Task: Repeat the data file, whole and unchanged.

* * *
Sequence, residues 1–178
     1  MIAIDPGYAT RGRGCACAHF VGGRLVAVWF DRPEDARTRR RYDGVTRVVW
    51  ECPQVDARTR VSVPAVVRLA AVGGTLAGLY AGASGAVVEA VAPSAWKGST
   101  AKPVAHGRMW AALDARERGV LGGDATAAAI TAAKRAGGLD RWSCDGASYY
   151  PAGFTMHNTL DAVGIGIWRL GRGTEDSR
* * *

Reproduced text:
Sequence, residues 1–178
     1  MIAIDPGYAT RGRGCACAHF VGGRLVAVWF DRPEDARTRR RYDGVTRVVW
    51  ECPQVDARTR VSVPAVVRLA AVGGTLAGLY AGASGAVVEA VAPSAWKGST
   101  AKPVAHGRMW AALDARERGV LGGDATAAAI TAAKRAGGLD RWSCDGASYY
   151  PAGFTMHNTL DAVGIGIWRL GRGTEDSR